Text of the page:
So what are my options? Do I stand in front of a bunch of spray nozzles and dye myself amber? Or do I ignore the risks and toast my flesh on a bed of bulbs? Like the nervous indoor creature I am, I asked an expert.
Pros and Cons: Booth
Not familiar with spray tanning? You stand up what looks like a shower stall, arms raised, while your entire body is misted with a spray containing dihydroxyacetone (DHA). This compound interacts with your skin cells to darken them. So, even though it looks like painting a car, you’re not technically being dyed.
“Sprays are, generally speaking, not harmful,” says Hooman Khorasani, chief of dermatologic and cosmetic surgery at Mount Sinai’s Icahn School of Medicine. “Don’t get it in your mouth. Don’t get it in your eyes. Don’t breathe it in - but that’s not usually a problem.”
In other words, if you can avoid gasping - in my experience, the spray is cold - then you’re going to be fine. The only downsides? You’ll feel sticky while you let the tanning agent work for a few hours before you shower, and sometimes you smell a little…off. Like a faint whiff of fry oil.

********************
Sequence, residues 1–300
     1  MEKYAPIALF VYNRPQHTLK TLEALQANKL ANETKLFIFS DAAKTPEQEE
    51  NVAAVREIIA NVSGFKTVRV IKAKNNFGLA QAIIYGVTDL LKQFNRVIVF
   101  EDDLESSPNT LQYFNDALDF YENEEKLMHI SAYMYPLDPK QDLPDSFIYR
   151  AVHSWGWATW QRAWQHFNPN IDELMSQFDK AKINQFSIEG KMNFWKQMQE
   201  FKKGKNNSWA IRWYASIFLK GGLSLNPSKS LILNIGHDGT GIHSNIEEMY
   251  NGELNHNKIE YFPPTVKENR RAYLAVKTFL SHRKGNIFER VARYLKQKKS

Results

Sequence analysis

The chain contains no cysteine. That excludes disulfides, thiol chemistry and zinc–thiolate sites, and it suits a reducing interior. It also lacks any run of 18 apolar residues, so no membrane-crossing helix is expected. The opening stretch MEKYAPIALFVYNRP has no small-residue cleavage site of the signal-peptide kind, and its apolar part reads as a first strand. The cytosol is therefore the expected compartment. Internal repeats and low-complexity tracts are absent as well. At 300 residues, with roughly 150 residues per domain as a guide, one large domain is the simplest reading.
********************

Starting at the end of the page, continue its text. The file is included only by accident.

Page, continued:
Thanks to the reaction caused by the DHA, “There’s a funny smell that goes with sprays,” says Khorasani. “And on different types of skin that smell can be different.”
On me, it was temporary. And if you’re at all concerned, you can always ease into self-tanning at home. One word of advice: Remember that your summery glow is fake. You will still need sunscreen.
Pros and Cons: Bed
But what about the bed? This is where you stretch out for a warm, blindingly bright nap in what looks like an electric coffin. Unfortunately, because you’re blasting your body with UV rays, the coffin analogy is appropriate.
“Any kind of tanning with radiation is bad for you,” says Khorasani. “No matter where the radiation is from, you’re still radiating your body.” It's cancer with a side of wrinkles.
Data from the American Academy of Dermatology indicates that using indoor tanning beds before age 35 can up your risk of melanoma by 59 per cent. And the risks don’t go away once you’ve quit your UV habit.
Meanwhile, when you put yourself in the bed, you are boarding an express train to age spots and wrinkles. You’re saying, “I’m ready to look like a young Benjamin Button. Bring it on!”
“The lighter your skin, the more visible aging effects you’ll see from UV radiation,” says Khorasani. “We even see this with workers who sit by a window all day. On one side they’re exposed to sun, on one they’re not, and they look like totally different people.”
So either go with the booth, or learn to love your deathly pallor.
If you’re not convinced, let’s talk. You’ll find me sitting in the shade, thinking about how young I’m going to look in 30 sunless years.
This article was originally published on MensHealth.com